Homeless Folks Read Mean Tweets About Homelessness

Raising the Roof, a Canadian organization aimed at developing long-term solutions for homelessness, has recently released a heartbreaking video as part of their “Humans for Humans” campaign. The premise of the video is simple: homeless people read tweets about homelessness. The concept is reminiscent of Jimmy Kimmel’s popular series “Celebrities Read Mean Tweets,” with, of course, a major difference: When the casual, ignorant cruelty of the internet is directed not at the famous and powerful, but at those most in need, the results are not funny, but are, rather, extremely upsetting.

Although Raising the Roof has a number of programs in place to help the homeless in concrete ways, the organization also works toward changing common perceptions about homelessness. In its notes for the video, Raising the Roof points out that “[These people’s] reactions will remind you the conversation around the issue needs to change. All humans should work together.” In addition to emphasizing the basic humanity of all homeless people, the video challenges assumptions that all homeless people are the same, and that they are all homeless for the same reasons. It shows that there is no monolithic “Homeless Person”; the subjects here include the young and old, men and women, people with children, people of different racial backgrounds, and people whose periods of homelessness have ranged from a few years to almost half a century. The tweets they read are maddening in their lack of compassion. Here’s just a sampling:

“I wonder if homeless people go to heaven.”

"Maybe if homeless people took care of themselves and looked pretty, we would want to help them. I don't help yellow teeth."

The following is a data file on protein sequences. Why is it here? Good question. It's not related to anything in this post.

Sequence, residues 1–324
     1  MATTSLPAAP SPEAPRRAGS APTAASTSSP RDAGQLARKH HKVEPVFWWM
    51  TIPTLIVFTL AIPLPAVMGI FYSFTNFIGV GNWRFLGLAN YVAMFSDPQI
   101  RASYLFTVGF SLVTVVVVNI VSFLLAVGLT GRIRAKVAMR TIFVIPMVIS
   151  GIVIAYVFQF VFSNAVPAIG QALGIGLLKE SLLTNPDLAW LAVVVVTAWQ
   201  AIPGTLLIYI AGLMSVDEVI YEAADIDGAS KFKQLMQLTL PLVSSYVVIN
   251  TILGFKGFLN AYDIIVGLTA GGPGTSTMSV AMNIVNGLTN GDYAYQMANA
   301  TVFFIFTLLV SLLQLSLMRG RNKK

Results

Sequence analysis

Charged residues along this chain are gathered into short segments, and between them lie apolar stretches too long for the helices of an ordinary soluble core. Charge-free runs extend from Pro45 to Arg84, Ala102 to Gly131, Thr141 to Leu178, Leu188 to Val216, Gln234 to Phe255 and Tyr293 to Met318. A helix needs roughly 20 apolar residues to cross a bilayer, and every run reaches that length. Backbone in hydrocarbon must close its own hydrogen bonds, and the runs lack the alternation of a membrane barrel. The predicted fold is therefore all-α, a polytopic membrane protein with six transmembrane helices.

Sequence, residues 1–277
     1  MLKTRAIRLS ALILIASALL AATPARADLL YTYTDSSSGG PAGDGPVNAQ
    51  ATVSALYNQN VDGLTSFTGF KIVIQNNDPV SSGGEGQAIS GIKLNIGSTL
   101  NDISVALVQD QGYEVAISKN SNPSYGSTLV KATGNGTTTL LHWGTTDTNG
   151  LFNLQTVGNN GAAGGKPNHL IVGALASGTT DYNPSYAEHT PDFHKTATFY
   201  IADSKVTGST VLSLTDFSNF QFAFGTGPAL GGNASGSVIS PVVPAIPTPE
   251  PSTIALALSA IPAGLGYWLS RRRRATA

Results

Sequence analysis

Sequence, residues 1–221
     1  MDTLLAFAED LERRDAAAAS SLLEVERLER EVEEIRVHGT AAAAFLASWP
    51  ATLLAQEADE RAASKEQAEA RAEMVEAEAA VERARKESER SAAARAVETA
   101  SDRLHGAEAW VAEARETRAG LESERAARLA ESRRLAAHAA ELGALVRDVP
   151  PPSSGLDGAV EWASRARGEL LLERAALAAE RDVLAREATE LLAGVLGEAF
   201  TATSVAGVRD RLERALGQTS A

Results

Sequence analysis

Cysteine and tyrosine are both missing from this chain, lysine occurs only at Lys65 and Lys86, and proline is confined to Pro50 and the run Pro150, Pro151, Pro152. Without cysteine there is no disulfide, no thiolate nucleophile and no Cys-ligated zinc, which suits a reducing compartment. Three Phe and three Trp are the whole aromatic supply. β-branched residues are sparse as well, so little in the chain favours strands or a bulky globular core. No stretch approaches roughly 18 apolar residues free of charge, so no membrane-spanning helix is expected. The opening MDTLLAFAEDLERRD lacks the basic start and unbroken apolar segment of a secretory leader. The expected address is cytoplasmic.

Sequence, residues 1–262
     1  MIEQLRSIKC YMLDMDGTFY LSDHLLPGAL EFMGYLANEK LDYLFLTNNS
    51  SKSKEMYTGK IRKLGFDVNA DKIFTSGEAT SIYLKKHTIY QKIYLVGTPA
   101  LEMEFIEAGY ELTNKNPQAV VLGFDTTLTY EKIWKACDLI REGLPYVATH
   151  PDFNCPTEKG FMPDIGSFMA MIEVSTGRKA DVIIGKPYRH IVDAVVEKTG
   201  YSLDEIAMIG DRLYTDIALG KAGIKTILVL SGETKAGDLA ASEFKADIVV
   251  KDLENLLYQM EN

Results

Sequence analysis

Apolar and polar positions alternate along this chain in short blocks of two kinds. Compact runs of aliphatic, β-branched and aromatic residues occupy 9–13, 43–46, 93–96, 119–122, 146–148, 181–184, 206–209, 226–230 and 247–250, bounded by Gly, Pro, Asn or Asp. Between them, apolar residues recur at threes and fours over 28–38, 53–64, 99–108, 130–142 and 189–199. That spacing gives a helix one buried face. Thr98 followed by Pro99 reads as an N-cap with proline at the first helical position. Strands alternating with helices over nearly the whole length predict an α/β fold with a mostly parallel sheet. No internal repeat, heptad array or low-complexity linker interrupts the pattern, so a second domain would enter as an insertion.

"I was enjoying a latte when I saw a hobo girl across the street. I almost vomited. Get back on your side of the bridge. No one likes you.”

“If home is where the heart is, are homeless people heartless?”

What is most frustrating is that these views are not uncommon; I’m sure that most of us hear people make off-hand comments about homeless people all the time. It’s important to remember that public perceptions of homelessness affect the lives of homeless people in material ways. A 2014 report from the National Law Center on Homelessness and Poverty found that laws effectively criminalizing homelessness are on the rise in the United States. An ever-growing number of cities and states are banning behaviors associated with homelessness, including panhandling, public camping, and sleeping in cars. Such restrictions may remove homeless people from view, but they don’t actually help the homeless find homes, and instead actively make their lives harder.

To learn how to support Raising the Roof, visit the organization’s website. From there, you can also view videos of homeless people responding directly to some of these tweets.

Images: YouTube (5)